• Character:  There is lengthy legal precedent, your honor, going back to 1789, whereby a defendant can claim self-defense against an agent of the government, if that act is deemed a defense against tyranny, a defense of liberty.
  • Prosecutor:  Your honor. . .
  • Character:  Henry Lloyd Beecher in Proverbs from the Plymouth Pulpit, 1887 says, and I quote . . .
  • Prosecutor:  1887? This is the 20th century, your honor.
  • Character:  Excuse me, excuse me.
  • Prosecutor:  You’re making a mockery of the Court!
  • Character:  I’m afforded the right to speak in my own defense, sir, by the Constitution of the United States.  This is the same document that guarantees my liberty.
  • Prosecutor:  Hey, don’t tell me about the Constitution of the United States.
  • Character:  Now, liberty, in case you’ve forgotten, is the soul’s rights to breath.  And when it cannot take a long breath, laws are girded too tight.  Without liberty, man is a syncope.
  • Prosecutor:  Man is a what?
  • Character:  Ibid,  your honor.
  • Judge:  Son, my turn. I’ve been sitting here 10 minutes now looking over this rap sheet of yours.   I just can’t believe it.  June ’93, Assault.  September ’93, Assault. Grand Theft Auto in February ’94, where you apparently defended yourself by citing Free Property Rights of Horse and Carriage from 1798.  January ’95, Impersonating an Officer, Mayhem, Resisting. All overturned.  I’m also aware that you’ve been through several foster homes.  The State removed you from three due to physical abuse.  You know, another judge might care, but you hit a cop.  You’re going in. Motion to dismiss is denied.  $50,000 bail.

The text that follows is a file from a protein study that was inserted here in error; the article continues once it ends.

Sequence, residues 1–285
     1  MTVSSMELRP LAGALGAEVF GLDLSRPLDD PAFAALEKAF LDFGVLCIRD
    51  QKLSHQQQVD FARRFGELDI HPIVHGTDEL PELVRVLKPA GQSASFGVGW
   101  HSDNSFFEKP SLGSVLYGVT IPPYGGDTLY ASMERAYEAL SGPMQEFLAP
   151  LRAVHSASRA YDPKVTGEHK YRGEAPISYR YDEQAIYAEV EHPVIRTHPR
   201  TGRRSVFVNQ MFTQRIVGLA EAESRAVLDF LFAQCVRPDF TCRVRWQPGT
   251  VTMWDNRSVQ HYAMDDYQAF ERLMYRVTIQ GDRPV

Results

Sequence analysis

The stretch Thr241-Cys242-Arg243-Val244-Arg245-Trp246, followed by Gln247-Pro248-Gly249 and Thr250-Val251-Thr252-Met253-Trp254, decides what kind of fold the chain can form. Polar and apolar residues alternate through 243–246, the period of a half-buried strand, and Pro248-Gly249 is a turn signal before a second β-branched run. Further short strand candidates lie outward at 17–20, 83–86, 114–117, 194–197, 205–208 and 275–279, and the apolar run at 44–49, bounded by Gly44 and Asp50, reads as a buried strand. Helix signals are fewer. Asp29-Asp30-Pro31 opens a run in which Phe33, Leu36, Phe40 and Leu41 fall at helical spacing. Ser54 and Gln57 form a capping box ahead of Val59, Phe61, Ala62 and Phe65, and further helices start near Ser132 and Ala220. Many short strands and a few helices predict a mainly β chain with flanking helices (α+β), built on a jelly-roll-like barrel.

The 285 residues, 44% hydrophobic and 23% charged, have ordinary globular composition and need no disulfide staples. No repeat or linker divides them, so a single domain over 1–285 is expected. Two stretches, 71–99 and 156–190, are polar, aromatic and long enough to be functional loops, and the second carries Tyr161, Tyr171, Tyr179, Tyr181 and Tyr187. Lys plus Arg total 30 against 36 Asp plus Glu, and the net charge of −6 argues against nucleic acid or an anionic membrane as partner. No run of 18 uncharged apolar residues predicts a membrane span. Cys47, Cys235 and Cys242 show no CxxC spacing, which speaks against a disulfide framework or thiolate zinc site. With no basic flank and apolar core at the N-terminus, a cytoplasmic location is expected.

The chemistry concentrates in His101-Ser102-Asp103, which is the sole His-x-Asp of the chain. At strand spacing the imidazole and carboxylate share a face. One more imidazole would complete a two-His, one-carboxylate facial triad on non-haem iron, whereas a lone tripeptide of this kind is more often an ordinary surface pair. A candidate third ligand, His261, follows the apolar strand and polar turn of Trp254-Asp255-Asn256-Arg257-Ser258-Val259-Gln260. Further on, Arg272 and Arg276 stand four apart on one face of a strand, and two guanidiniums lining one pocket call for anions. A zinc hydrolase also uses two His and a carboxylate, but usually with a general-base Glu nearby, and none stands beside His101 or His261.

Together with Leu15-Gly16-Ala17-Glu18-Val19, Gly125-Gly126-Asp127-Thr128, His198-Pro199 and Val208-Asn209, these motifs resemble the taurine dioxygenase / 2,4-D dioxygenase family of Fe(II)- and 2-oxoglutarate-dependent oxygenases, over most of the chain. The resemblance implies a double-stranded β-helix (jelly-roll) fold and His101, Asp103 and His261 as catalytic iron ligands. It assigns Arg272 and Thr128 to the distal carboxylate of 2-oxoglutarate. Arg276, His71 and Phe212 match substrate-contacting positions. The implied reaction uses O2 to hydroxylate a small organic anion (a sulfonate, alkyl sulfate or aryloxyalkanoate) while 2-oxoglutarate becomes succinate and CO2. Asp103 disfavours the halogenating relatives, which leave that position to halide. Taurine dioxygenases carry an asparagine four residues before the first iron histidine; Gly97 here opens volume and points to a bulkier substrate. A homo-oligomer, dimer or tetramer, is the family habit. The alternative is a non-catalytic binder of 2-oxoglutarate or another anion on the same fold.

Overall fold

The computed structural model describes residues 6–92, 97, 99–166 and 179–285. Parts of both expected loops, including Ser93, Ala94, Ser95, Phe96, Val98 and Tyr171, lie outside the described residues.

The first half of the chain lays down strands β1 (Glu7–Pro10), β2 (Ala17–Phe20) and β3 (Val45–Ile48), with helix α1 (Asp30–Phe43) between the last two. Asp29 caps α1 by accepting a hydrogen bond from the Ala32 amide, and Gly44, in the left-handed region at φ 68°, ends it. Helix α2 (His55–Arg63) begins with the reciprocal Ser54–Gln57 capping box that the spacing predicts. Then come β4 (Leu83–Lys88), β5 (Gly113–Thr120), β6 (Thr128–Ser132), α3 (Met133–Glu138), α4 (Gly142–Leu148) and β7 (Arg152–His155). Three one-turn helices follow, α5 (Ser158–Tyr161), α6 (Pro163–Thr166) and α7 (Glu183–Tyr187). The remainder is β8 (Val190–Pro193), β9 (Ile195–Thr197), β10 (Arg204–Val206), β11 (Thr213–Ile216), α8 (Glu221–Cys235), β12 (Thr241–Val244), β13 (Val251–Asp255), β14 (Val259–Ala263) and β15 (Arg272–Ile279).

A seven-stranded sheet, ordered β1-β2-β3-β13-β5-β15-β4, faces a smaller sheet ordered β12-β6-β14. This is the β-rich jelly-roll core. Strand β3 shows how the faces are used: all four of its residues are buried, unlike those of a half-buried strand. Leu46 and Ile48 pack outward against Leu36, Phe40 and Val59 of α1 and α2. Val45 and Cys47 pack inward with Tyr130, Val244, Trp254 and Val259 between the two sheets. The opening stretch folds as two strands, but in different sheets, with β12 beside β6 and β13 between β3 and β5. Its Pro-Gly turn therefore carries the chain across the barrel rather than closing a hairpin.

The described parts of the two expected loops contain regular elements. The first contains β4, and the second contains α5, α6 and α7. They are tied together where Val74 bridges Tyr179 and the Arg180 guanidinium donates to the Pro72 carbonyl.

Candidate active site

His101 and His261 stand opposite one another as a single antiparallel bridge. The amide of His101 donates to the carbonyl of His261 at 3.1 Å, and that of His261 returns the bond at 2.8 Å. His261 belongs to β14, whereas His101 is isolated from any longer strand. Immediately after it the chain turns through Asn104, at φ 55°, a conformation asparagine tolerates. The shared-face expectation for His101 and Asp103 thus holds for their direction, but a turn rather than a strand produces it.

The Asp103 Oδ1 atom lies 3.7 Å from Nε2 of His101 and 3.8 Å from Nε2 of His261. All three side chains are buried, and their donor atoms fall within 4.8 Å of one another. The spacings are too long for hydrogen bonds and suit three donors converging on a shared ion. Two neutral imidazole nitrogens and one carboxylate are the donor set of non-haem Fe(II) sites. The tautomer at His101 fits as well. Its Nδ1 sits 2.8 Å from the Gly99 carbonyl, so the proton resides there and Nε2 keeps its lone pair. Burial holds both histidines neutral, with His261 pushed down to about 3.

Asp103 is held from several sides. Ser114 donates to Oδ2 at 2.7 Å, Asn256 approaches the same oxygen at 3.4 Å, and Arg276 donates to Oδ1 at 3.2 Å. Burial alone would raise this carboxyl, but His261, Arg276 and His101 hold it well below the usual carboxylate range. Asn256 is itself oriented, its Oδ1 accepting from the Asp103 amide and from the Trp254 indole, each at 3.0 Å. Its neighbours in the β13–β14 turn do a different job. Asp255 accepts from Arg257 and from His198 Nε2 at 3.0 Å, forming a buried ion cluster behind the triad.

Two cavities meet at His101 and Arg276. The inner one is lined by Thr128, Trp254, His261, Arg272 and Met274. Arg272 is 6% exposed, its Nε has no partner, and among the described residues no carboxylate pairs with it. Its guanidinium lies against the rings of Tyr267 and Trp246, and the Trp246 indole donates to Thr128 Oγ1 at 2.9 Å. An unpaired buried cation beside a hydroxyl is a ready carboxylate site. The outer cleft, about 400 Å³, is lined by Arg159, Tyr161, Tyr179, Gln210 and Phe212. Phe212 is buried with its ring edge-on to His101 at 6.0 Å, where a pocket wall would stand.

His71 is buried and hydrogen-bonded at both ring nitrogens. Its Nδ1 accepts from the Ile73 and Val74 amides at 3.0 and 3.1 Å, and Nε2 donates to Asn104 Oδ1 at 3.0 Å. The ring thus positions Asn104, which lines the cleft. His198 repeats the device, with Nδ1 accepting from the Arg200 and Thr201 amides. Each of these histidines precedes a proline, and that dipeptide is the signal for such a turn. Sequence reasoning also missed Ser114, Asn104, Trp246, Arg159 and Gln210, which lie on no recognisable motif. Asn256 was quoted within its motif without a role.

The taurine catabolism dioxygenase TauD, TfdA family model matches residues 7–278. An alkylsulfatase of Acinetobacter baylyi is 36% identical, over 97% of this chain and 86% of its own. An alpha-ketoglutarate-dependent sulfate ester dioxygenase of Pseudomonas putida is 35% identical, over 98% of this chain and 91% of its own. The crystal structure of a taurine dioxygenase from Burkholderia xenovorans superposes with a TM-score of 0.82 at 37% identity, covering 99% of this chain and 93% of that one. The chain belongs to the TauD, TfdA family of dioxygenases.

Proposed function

• Character:  Thank you your honor.

Soon after the arraignment, Character was released to the supervision of a co-worker, an MIT professor.  Character’s conditions of release required him to attend therapy sessions with the professor’s college roommate, a psychology teacher at a local community college.

Name the movie.

GOOD WILL HUNTING

See the source image

 

 

Five for Friday #154

Less is often more.  That’s one of the reasons that I’m a fan of Irish understatement.